Beginning about 5 years ago pediatricians started cautioning parents of kids with reading disorders to avoid ineffective and costly treatments such as vision therapy and to look instead for “proven education and language-based interventions”.
This year Pediatrics journal published another study that supports this advice. In research based on thousands of children aged 7 to 9, no evidence was found for an association between specific learning disorders with impairment in reading (dyslexia) and vision abnormalities. The researchers concluded that there is no evidence that vision-based treatments would be helpful for children with severe reading impairments.
Pediatric ophthalmologists explain: “Children with dyslexia often lose their place while reading because they struggle to decode a letter or word combination and/or because of lack of comprehension, not because of a “tracking abnormality.’ ” (Vision Therapy, American Association for Pediatric Ophthalmology and Strabismus website)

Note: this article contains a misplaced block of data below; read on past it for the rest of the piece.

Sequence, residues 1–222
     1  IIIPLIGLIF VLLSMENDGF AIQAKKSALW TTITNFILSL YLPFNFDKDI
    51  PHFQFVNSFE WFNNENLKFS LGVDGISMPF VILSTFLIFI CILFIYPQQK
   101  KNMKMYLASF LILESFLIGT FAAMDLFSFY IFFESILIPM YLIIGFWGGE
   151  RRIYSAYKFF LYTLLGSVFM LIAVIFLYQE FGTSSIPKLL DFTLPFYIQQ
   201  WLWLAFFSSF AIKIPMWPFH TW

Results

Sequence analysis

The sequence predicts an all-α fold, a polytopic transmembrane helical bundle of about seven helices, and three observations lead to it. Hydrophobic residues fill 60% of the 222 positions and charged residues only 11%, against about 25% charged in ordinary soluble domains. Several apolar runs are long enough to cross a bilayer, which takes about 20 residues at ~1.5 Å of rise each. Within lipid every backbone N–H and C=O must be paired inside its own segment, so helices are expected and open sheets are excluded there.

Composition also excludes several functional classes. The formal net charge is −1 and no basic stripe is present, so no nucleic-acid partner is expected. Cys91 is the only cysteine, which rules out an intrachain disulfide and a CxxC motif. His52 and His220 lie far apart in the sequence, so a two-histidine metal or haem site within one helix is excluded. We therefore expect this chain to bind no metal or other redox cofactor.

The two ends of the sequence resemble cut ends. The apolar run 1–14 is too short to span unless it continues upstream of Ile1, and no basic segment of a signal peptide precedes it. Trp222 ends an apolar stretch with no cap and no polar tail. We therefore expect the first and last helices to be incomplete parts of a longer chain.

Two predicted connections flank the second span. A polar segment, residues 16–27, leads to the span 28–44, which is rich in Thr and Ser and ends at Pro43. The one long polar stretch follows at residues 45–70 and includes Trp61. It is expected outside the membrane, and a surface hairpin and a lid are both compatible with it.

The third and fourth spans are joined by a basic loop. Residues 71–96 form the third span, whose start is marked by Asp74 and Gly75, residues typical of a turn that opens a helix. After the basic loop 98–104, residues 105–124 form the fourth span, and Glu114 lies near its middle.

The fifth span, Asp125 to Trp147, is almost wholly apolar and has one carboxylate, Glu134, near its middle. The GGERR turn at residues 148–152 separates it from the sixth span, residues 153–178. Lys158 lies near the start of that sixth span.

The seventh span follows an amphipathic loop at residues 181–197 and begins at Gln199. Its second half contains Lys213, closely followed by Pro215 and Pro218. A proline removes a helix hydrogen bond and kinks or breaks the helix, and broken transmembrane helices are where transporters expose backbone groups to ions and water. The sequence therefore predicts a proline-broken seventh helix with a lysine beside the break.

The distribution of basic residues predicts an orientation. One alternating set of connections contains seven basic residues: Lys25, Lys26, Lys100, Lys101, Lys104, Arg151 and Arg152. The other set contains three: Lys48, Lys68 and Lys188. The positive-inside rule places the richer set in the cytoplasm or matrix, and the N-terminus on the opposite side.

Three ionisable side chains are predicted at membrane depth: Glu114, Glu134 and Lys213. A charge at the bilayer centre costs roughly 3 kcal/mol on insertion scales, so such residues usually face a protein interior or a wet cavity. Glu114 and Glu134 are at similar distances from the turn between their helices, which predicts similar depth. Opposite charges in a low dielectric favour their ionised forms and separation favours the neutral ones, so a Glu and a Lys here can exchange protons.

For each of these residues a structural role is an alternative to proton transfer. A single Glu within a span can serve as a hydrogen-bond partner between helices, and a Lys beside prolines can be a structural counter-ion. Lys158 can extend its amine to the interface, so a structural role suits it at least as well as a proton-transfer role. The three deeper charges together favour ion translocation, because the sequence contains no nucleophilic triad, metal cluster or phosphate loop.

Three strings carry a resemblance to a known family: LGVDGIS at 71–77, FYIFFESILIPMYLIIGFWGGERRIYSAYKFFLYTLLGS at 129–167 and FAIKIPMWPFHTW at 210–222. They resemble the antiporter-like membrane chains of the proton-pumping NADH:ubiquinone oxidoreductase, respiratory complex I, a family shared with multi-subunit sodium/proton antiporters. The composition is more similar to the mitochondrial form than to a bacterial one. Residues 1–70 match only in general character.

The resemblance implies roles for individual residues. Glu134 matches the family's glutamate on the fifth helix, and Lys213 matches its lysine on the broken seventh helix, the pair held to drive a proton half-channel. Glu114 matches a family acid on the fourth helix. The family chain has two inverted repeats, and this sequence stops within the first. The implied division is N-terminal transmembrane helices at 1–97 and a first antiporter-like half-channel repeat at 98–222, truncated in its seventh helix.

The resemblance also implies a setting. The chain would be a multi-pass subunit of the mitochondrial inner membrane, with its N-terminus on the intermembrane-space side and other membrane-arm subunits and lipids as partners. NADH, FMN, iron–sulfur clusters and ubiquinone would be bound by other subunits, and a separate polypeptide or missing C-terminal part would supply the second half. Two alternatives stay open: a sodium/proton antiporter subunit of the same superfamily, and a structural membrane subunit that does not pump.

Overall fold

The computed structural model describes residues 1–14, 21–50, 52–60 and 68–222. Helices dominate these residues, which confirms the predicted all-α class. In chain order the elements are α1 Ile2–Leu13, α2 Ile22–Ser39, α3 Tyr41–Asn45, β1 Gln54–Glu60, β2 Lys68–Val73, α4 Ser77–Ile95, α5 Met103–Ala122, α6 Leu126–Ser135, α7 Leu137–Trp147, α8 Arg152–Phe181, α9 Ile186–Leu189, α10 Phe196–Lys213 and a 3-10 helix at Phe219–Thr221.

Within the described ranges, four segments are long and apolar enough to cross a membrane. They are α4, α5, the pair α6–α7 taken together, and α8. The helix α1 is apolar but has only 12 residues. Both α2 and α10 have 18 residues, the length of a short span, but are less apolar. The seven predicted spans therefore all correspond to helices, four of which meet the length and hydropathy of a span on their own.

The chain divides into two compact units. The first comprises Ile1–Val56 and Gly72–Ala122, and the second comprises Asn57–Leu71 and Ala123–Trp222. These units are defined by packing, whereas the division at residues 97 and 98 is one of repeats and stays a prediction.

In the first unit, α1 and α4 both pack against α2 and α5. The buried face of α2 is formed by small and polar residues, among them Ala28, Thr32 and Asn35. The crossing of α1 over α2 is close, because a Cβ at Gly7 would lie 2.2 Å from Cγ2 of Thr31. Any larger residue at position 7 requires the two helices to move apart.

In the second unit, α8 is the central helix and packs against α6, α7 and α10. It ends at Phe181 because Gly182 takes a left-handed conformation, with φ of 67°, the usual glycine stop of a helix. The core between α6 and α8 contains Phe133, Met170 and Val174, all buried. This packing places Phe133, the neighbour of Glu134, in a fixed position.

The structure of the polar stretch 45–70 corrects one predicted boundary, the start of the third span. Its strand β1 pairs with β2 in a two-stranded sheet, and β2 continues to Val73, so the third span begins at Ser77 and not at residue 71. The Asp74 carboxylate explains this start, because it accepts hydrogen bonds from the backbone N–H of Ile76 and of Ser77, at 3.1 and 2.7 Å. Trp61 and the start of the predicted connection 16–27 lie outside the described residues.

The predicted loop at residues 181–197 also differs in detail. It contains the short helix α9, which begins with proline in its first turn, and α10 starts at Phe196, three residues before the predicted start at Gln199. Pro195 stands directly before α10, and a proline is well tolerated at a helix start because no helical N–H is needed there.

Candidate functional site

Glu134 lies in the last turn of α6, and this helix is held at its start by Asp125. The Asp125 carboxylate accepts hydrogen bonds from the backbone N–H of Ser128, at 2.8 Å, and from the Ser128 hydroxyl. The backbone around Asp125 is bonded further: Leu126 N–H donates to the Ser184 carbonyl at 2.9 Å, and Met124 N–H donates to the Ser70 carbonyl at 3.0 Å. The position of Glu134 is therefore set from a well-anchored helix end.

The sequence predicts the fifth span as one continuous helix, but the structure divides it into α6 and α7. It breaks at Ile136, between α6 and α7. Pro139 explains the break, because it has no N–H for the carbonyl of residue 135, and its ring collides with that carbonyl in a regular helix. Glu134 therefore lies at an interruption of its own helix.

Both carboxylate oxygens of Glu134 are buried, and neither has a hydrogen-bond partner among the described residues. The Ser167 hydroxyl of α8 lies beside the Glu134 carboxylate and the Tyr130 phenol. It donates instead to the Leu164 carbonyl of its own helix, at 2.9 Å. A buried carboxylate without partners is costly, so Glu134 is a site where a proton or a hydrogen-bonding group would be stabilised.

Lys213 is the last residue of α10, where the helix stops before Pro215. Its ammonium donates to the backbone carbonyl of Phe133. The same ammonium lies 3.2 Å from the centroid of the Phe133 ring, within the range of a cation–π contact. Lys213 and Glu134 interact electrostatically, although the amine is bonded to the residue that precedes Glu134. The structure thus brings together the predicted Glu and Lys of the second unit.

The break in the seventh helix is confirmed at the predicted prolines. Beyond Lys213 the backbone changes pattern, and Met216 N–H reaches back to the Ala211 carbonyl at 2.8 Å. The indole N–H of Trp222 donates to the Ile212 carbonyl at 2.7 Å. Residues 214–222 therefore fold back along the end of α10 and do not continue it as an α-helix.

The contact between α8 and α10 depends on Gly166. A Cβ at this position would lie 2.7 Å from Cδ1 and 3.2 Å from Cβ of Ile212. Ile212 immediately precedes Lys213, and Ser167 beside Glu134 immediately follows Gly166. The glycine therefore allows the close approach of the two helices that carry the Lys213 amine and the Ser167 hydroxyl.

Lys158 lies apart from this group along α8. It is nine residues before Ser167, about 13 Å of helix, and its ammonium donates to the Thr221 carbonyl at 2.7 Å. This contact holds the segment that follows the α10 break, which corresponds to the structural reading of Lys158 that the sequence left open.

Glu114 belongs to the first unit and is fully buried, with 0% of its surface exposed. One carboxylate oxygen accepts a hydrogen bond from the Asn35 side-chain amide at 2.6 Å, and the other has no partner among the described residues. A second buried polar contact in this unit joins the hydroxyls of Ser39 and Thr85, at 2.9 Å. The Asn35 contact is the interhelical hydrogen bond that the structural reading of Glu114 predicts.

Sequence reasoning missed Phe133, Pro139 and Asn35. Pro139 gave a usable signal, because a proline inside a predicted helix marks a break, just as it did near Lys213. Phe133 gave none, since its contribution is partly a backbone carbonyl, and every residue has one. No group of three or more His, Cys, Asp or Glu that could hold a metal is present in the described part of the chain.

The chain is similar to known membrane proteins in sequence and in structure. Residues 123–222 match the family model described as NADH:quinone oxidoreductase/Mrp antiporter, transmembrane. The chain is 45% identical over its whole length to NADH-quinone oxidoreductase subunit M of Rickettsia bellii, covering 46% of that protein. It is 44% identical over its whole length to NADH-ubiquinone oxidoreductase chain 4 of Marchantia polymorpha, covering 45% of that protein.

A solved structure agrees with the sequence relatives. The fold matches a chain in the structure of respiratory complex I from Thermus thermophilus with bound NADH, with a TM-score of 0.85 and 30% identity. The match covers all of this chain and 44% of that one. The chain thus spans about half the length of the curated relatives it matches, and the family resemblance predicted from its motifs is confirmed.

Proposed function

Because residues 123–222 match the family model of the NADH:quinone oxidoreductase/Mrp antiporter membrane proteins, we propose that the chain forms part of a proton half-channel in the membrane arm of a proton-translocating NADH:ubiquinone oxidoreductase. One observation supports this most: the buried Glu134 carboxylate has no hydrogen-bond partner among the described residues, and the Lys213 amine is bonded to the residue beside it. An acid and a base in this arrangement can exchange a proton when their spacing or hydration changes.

Especially when you are worried about your child it is not hard to be fooled by “pseudo-scientific” jargon!
The International Dyslexia Association (IDA) has a fact sheet designed to help parents “critically evaluate programs, avoid scams, and move forward toward providing instruction that will truly help…”. Lexercise is a corporate member of IDA and Lexercise therapy meets and exceeds IDA standards.
If you are worried about your child’s reading, spelling and/or writing the free, online Lexercise Dyslexia Screener is a good place to start. If your child struggles to read the single, large-font words on this screener you can be pretty sure it is not due to their vision!
Sandie is a speech-language pathologist with more than 30 years of experience in the private practice sector. She is Visiting Assistant Professor of Communication Sciences & Disorders at University of North Carolina Greensboro, and founder/owner of the Language & Learning Clinic, PLLC, a private practice in Elkin, NC, and Greensboro, NC, specializing in communication disorders, including disorders of reading and written language.